In addition, Hansen allegedly forged more than 100 other checks – signing the names of board members – that were “actually for legitimate purchases,” according to the affidavit. It said that board members believe “forged those checks out of ease, not because she was gaining something from it.”
According to the affidavit, the first unauthorized purchase was made Jan. 8, 2014 – just over a month after Hansen was hired as the chamber’s president and chief executive officer. The last one cleared Dec. 23, 2016, the day after she resigned in a meeting where she was confronted about discrepancies in the organization’s financial records.
The alleged scheme came to light in late 2016 when a board member noticed a discrepancy in a financial statement Hansen presented, according to the affidavit. At that meeting, the board agreed to table the issue and have the group’s treasurer, Kevin Kildow, look into it.
After Kildow began studying the financial reports for the organization, he discovered “large discrepancies in the records,” according to the affidavit.
On Dec. 22, 2016, Kildow, along with the group’s chairman, Barnaby, and vice-chair, Lynn Ann Sheets, confronted Hansen.
She initially claimed she’d mistakenly used the chamber’s credit card for personal expenses a couple of times. But when she was pressed, according to the affidavit, she admitted to using the credit card for personal purchases as well as to making unauthorized financial transfers and altering the group’s financial statements.
At the time, Hansen claimed “this activity went on for about four to six months.”
At that point, Hansen submitted her resignation and said she would take money from her retirement account to repay the group, according to the affidavit. She wrote out a statement that read: “In light of my actions that compromised the financial position of the Great(er) Brighton Chamber of Commerce, I agree to repay all misused funds in a timely manner.”
She agreed to meet with the group’s administrators a week later to work out an agreement to repay the missing money, according to the affidavit.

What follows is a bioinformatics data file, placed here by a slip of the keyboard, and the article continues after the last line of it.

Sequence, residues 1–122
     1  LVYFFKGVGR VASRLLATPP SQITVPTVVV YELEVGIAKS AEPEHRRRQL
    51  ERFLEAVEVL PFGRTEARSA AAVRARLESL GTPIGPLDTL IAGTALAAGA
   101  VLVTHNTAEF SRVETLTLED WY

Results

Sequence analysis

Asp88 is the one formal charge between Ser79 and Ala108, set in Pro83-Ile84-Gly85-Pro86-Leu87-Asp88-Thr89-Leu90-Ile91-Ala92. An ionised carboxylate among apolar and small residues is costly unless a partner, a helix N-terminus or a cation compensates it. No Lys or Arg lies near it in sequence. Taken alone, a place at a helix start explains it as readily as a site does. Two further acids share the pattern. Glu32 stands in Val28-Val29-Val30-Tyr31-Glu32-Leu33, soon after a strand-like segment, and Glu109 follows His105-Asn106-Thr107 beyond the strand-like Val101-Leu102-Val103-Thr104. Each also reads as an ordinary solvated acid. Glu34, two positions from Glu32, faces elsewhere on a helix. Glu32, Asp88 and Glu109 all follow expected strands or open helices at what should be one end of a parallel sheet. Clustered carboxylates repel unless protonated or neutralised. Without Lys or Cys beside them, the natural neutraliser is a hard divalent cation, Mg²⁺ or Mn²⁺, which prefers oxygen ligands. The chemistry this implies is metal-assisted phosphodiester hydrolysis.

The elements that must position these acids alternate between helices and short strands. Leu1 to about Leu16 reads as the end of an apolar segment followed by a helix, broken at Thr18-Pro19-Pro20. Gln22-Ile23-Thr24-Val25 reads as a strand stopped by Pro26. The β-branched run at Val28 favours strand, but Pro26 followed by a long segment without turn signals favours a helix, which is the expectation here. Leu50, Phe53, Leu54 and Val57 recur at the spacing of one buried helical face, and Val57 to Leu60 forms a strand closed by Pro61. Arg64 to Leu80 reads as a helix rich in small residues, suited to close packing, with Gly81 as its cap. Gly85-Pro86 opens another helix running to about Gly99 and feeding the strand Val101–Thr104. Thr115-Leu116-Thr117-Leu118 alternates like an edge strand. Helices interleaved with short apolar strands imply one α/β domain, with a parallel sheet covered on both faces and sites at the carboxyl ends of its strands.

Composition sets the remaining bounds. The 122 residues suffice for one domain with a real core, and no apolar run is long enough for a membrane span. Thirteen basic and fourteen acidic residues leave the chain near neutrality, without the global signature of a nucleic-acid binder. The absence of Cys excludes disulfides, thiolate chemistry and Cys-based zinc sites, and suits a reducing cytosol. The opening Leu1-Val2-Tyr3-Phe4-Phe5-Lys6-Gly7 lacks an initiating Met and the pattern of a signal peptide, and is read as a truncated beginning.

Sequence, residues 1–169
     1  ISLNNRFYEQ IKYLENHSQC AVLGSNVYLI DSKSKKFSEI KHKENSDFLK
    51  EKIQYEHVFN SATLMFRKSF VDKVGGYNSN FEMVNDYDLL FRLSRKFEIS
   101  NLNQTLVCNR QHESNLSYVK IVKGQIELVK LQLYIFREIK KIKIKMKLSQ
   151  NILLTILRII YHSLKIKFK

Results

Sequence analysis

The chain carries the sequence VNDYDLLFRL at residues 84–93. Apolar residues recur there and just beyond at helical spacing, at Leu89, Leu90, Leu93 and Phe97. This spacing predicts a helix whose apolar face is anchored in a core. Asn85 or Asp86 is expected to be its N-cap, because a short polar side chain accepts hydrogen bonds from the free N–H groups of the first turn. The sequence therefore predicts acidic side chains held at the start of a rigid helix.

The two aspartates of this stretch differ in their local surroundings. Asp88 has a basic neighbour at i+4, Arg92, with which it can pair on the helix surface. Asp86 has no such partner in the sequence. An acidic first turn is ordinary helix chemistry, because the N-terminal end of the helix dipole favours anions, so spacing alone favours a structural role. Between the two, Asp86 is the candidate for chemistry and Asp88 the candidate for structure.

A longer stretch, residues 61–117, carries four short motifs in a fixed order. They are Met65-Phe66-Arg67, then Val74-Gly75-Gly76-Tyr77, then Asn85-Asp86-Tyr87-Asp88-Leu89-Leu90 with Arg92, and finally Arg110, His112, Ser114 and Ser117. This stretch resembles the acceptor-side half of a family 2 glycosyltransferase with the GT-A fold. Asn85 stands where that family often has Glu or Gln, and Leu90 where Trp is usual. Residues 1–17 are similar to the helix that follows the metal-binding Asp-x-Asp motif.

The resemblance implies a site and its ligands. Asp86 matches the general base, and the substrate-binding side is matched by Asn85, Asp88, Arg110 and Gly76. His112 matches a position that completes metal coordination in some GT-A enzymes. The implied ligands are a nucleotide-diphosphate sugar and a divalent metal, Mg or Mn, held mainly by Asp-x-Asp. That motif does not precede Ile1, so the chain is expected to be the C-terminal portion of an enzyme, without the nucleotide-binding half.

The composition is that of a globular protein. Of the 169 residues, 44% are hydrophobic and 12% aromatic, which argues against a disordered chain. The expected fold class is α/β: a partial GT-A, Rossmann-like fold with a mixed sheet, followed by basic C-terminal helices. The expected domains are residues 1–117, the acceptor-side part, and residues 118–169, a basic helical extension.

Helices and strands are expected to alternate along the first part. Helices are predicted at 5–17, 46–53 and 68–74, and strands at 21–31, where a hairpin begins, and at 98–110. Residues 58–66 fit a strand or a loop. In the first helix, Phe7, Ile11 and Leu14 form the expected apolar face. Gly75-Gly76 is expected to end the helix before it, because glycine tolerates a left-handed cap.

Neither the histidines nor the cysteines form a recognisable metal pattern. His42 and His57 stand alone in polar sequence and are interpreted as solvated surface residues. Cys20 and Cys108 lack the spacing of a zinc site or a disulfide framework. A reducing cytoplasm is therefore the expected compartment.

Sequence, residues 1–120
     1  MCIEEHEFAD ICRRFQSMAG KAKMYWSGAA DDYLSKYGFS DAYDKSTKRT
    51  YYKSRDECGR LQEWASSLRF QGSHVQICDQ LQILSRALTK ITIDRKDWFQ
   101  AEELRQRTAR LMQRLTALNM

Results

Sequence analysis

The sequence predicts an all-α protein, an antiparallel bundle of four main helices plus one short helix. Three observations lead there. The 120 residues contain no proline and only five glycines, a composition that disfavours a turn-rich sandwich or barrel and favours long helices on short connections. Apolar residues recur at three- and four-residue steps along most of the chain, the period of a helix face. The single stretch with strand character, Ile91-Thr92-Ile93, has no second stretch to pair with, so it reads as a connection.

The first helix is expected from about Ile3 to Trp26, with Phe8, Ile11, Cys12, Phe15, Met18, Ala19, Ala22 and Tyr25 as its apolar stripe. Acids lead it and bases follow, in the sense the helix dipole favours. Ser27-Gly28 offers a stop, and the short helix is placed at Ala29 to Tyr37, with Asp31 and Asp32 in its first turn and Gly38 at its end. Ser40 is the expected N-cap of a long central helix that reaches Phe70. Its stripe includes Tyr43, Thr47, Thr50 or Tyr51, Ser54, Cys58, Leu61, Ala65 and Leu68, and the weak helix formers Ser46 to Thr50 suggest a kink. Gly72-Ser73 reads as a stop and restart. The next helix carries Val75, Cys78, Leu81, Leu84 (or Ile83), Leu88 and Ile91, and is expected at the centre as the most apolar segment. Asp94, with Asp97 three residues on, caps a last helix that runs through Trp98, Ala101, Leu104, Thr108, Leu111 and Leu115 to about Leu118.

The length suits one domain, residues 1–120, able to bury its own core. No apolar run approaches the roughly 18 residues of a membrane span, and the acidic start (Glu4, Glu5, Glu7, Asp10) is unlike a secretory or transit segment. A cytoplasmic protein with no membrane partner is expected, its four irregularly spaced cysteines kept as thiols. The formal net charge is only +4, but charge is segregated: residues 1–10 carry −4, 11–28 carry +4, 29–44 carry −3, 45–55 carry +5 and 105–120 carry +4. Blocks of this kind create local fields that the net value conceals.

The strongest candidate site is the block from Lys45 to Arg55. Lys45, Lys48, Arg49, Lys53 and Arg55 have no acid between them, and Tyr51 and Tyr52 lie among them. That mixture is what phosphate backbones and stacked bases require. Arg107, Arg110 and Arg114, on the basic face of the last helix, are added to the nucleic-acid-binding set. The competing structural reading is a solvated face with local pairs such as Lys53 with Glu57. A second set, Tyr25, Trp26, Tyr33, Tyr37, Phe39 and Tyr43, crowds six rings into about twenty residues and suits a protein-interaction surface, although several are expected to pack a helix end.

Kildow then undertook an examination of six months of financial records to determine how much money Hansen owed the chamber. He quickly concluded the theft could have exceeded $100,000.
In addition to the credit card charges, he found that checks “appeared to be written to potentially fake companies” that money was missing from the petty cash fund, and that falsified invoices were submitted to the city.
When he and other board members met with Hansen on Dec. 29, she provided spreadsheets purported to show what she owed the chamber – but it was “a mere fraction” of the thefts that had already been identified, according to the affidavit.
She at one point claimed she owed the organization $22,000.
Before the meeting ended, Hansen “informed them she was willing and able to place $100,000 into an escrow account within three days to be used to reimburse the chamber under the condition that the chamber not press charges against her.”
A few days later, Barnaby reported the allegations to police.
Hansen was paid about $67,000 as the chamber’s president and chief executive officer, according to the documents.
Erik Hansen is the former mayor of Thornton and was elected as Adams County commissioner in 2010 and re-elected in 2014.
Holly Hansen, who previously ran unsuccessfully for a seat in the Colorado legislature, is scheduled to be in court Sept. 27 to be formally advised of the charges.
Erik and Holly Hansen have been active in Republican politics in Adams County for years.
Contact 9NEWS reporter Kevin Vaughan with tips about this or any story: firstname.lastname@example.org or 303-871-1862.